Another Assault on Liberty
Tibor R. Machan
Back when Robert Nozick wrote his path breaking libertarian academic treatise, Anarchy, State, and Utopia (Basic Books, 1974), the philosopher Thomas Nagel wrote a review essays highly critical of Nozick’s work. In an essay, “Libertarianism Without Foundations,” Nagel had a lot to say about how Nozick allegedly failed to provide adequate support for his libertarian position. But one point Nagel made quite apart from whether Nozick’s position had adequate foundations stood out for me. Here is the passage that stuck in my mind:
Most people are not generous when asked to give voluntarily, and it is unreasonable to ask that they should be. Admittedly there are cases in which a person should do something although it would not be right to force him to do it. But here I believe that the reverse is true. Sometimes it is proper to force people to do something even though it is not true that they should do it without being forced. It is acceptable to compel people to contribute to the support of the indigent by automatic taxation, but unreasonable to insist that in the absence of such a system they ought to contribute voluntarily.
Nowhere in his essay on Nozick, nor anywhere else, did Nagel every justify this very pessimistic view. But is it really very odd?
Notice that what this position endorses is outright involuntary servitude. As Nozick himself noted, “taxation of earnings from labor is on a par with forced labor” I think it is actually more on par with extortion. In any case, it puts certain people—the king, the government, Thomas Nagel himself perhaps—in a position to coerce others into providing those in need with resources, including their labor. The funds we are taxed, of course, come from what most of us earn through our labor!
This is a view that is endorsed by most political philosophers today and it has been endorsed by them for decades on end, certainly ever since Franklin D. Roosevelt came up with his list of “the second bill of rights,” each of which places us into servitude to other people. But even before Roosevelt signed on to this notion that everyone is in bondage to other people who are in need, there have been the likes of the French father of sociology, Auguste Comte, who endorsed the idea. Here is what Comte had to say:
Everything we have belongs then to Humanity… We are born loaded with obligations of every kind, to our predecessors, to our successors, to our contemporaries. Later they only grow or accumulate before we can return any service.... All human rights then are as absurd as they are immoral. This ["to live for others"], the definitive formula of human morality, gives a direct sanction exclusively to our instincts of benevolence, the common source of happiness and duty. [Man must serve] Humanity, whose we are entirely.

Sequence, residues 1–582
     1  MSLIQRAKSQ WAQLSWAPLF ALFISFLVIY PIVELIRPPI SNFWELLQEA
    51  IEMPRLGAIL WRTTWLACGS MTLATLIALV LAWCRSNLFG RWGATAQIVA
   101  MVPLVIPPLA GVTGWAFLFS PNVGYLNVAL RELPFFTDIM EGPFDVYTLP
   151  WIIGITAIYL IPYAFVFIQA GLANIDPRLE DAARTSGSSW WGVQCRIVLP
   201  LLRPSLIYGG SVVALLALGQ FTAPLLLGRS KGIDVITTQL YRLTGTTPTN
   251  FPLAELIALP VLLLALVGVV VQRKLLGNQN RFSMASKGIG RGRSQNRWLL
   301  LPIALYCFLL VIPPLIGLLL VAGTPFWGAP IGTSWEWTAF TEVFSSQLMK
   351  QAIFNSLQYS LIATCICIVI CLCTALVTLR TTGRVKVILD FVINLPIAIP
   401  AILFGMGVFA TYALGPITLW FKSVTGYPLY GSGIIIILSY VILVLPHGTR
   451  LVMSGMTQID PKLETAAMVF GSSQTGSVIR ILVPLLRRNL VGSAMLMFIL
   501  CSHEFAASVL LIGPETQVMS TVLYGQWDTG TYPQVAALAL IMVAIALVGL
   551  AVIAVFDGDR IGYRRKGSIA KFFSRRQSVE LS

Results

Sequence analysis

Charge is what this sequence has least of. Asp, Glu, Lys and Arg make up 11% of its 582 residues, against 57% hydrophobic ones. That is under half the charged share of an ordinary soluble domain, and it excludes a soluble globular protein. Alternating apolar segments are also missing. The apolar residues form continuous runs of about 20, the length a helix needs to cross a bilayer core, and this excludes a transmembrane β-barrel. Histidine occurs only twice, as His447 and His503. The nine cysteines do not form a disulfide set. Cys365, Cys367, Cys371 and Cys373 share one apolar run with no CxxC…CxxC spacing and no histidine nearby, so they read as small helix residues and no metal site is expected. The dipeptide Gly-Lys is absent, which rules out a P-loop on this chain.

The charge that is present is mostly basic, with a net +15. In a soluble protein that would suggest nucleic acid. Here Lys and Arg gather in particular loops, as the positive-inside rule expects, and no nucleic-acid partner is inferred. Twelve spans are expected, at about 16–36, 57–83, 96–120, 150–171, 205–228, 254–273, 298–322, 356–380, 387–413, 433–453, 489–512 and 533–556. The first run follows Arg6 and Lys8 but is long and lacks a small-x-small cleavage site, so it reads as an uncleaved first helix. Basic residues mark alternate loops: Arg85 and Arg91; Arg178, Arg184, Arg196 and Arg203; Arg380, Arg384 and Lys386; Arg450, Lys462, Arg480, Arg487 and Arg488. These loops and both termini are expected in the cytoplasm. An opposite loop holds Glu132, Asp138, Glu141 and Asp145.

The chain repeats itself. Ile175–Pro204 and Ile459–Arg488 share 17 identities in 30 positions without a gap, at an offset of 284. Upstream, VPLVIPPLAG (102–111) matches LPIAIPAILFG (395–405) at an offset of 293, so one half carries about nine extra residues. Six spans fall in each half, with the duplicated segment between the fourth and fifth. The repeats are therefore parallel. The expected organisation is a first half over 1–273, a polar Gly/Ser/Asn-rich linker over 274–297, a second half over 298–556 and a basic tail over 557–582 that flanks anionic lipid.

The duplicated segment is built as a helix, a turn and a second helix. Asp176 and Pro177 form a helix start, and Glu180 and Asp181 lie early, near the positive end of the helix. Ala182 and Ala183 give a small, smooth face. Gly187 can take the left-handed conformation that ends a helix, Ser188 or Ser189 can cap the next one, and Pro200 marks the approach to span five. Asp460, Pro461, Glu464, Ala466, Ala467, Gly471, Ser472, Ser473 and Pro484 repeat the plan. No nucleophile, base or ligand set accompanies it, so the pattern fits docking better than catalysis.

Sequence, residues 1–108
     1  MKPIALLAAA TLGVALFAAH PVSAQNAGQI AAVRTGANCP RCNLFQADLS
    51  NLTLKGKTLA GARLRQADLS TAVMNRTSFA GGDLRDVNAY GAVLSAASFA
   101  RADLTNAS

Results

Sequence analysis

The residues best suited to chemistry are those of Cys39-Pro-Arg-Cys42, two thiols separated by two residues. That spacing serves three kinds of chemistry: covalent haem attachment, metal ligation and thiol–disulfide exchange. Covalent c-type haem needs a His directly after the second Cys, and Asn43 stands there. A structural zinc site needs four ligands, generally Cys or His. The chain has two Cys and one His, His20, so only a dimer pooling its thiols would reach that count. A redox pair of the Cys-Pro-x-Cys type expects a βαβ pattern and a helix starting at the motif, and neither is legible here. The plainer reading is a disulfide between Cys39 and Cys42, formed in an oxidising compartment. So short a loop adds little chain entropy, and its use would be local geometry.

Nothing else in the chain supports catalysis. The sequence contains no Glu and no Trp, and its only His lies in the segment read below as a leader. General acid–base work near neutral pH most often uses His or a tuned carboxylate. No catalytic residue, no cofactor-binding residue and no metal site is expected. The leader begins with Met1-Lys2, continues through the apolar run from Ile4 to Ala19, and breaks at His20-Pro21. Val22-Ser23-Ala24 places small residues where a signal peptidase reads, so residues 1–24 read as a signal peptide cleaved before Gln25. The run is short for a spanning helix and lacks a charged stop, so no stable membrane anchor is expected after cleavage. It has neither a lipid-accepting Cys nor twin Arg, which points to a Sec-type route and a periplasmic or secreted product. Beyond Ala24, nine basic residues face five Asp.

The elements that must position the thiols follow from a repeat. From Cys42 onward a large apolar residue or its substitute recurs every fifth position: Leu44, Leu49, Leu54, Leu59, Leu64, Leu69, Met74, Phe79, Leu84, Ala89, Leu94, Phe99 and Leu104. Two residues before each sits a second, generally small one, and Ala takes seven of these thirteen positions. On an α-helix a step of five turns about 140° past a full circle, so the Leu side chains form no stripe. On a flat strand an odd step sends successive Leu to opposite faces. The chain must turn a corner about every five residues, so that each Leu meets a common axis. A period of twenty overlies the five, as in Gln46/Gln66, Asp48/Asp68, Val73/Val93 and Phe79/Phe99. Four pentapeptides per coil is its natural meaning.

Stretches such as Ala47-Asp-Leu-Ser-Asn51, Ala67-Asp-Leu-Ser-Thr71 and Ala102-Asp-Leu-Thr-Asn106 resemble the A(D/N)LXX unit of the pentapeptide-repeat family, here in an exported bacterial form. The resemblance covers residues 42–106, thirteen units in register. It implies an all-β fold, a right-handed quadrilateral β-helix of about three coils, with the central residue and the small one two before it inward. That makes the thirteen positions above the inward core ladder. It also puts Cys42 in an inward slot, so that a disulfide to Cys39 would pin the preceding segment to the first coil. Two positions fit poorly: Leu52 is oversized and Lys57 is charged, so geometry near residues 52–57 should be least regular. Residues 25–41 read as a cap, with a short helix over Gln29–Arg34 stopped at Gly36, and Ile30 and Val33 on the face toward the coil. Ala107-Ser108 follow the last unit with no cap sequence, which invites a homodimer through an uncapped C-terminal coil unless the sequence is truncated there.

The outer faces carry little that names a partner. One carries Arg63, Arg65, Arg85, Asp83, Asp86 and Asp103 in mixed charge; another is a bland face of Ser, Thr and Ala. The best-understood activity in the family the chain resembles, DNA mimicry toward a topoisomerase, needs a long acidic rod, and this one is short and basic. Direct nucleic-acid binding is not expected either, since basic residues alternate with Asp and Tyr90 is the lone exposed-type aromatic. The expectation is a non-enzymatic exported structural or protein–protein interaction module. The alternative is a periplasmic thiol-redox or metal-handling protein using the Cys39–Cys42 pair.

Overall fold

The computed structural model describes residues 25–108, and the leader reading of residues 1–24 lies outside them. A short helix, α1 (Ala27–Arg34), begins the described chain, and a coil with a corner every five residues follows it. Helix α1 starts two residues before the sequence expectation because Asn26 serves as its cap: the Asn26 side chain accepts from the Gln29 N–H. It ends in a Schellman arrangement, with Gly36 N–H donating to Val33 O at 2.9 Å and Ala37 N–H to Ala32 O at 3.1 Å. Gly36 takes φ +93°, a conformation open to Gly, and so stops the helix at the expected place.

Even before Comte’s wrote those lines, at the beginning of the 19th century, there was the doctrine that not only our resources but we ourselves belong to the state. The theory of monarchy holds this view about human beings—the king owned us, or at least we are bound to the king’s land as serfs. We as individuals own nothing at all, everything is owned by the government. And that exact position was recently reiterated by Nagel and his co-author, Liam Murphy, in the book The Myth of Ownership (Oxford, 2004). Clearly the idea is not a progressive, forward looking one but reactionary as all get out.
All of these thinkers stand in the way of genuine progress toward a world in which individual human beings have a fundamental, natural right to their own lives, liberty and property. This is the revolutionary idea that libertarians champion and it is one that needs constant reiteration, re-visitation, and re-justification, since nearly all the major political theorists, inside and outside the academic world, line up against it.
Nagel’s idea, pressed against Nozick, is, of course, an insult to human beings everywhere. It contends that of their own free will they would fail to be generous and they must be coerced to give of themselves to those who are helpless. Paradoxically, if it were true, Nagel’s idea would certainly consign all those in need of help to perpetual helplessness for when human beings acquire power—when they join the government—the last thing they are interested in is helping others! As Lord Acton noted, “power tends to corrupt; absolute power corrupts absolutely”—the last thing it issues in is generosity.